Please find attached GABRIELA Philippines' statement on the death of our beloved comrade Crispin "Ka Bel" Beltran. He passed away yesterday, May 20, due to head injuries sustained when he accidentally fell from the roof of his house while repairing it. His remains are at the Philippine Independent Church in Taft Avenue, Manila. He will be cremated on May 27.

Emmi de Jesus
Secretary General



GABRIELA National Alliance of Women mourns with the people with the passing away of Ka Crispin Beltran, representative of Anakpawis Party List, representative of the working class Filipinos.

Ka Bel was relentless in serving the oppressed people, enduring the most difficult of trials, the latest of which was his detention for more than a year for rebellion case orchestrated by the Arroyo regime. His dedication to the working class was such that he inspired and encouraged his own children and grandchildren to become part of the people's struggle.

Ka Bel was an ideal man – passionate in his commitment to serve, devoted to the cause of the people, dependable in the most trying of times.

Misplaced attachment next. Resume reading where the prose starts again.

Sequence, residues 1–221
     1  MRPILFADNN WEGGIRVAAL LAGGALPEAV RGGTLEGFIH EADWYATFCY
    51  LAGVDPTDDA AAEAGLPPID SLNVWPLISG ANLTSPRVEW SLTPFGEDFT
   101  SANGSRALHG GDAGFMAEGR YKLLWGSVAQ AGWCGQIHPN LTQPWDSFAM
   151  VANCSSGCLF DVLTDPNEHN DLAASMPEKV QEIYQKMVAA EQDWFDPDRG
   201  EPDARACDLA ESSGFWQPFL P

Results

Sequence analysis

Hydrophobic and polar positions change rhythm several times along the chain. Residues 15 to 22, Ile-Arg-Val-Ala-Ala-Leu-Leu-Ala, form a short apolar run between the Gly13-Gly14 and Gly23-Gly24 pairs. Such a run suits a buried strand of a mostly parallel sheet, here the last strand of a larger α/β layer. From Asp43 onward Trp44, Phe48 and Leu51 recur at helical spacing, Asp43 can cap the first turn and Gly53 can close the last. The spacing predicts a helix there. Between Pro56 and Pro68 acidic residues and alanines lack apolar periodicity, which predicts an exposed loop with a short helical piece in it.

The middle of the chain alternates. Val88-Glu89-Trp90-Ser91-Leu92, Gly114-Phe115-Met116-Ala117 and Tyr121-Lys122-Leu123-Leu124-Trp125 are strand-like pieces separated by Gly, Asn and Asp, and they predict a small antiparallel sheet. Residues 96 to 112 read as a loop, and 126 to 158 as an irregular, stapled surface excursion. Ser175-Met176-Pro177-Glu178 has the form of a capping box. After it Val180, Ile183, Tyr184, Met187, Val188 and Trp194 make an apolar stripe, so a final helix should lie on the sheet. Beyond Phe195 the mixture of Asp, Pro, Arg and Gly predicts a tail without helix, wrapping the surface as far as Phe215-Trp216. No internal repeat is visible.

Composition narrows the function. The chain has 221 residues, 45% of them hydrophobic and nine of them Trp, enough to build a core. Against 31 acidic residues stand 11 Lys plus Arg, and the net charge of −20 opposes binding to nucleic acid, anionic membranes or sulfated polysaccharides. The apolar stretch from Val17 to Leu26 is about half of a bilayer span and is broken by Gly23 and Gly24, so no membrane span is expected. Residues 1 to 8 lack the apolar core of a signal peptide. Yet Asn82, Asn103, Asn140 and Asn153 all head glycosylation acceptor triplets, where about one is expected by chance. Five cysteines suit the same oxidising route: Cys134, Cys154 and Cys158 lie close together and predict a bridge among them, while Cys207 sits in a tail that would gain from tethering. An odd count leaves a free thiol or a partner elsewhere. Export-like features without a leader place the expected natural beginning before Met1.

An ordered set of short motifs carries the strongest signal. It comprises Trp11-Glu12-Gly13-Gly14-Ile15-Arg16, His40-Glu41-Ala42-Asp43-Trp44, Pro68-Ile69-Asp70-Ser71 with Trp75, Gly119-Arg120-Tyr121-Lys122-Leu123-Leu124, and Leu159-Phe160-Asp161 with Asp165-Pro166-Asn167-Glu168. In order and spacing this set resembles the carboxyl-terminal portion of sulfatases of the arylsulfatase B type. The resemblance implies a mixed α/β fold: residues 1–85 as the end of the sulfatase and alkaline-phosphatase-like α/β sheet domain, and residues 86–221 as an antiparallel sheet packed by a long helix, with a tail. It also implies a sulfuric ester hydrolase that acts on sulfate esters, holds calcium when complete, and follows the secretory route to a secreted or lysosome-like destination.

Ka Bel's death is a great loss but more importantly his life, tirelessly dedicated to serving the oppressed peoples, will forever serve as an inspiration to continue the people's struggle for genuine freedom and democracy.

Mahal ka namin, Ka Bel, we will sorely miss you.

Saturday, May 3, 2008

Thank you for a GREAT MAYDAY!

FiRE received a lot of press (that we arer still trying to track down!) But here's Jackie on the NYT Slideshow!


Tuesday, April 29, 2008

Senate Historic Vote on FilVets a Result of Filipino Unity for Full Equity and People's Struggle

News Release
April 28, 2008

Reference: Berna Ellorin, Secretary-General, BAYAN USA, email:

Senate Historic Vote on FilVets a Result of Filipino Unity for Full Equity and People's Struggle
Fil-Ams Demand House of Representatives to Complete the Process of Righting a Historical Wrong